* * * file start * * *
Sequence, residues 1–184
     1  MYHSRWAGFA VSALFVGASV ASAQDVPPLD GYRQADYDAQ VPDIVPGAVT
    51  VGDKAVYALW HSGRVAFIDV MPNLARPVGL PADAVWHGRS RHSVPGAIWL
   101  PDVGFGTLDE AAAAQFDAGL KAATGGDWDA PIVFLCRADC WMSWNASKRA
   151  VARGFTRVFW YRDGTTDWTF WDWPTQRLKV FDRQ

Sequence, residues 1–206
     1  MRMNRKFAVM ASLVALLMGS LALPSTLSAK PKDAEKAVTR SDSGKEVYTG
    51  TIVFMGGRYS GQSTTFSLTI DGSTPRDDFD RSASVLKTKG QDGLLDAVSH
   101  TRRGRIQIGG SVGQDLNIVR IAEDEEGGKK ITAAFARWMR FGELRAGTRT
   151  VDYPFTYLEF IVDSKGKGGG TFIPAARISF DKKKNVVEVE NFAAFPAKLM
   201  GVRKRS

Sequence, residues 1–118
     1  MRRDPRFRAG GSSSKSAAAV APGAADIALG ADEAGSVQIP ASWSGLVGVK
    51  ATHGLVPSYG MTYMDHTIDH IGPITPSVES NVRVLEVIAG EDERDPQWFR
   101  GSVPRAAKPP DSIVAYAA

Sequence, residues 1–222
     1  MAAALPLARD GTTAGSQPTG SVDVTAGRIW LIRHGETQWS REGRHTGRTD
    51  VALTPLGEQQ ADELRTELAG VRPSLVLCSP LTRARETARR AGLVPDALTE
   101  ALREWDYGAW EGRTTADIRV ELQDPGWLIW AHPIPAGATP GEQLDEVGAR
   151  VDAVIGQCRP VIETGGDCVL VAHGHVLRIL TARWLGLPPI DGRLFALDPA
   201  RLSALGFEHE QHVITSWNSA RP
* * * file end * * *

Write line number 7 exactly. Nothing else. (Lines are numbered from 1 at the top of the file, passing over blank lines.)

     1  MRMNRKFAVM ASLVALLMGS LALPSTLSAK PKDAEKAVTR SDSGKEVYTG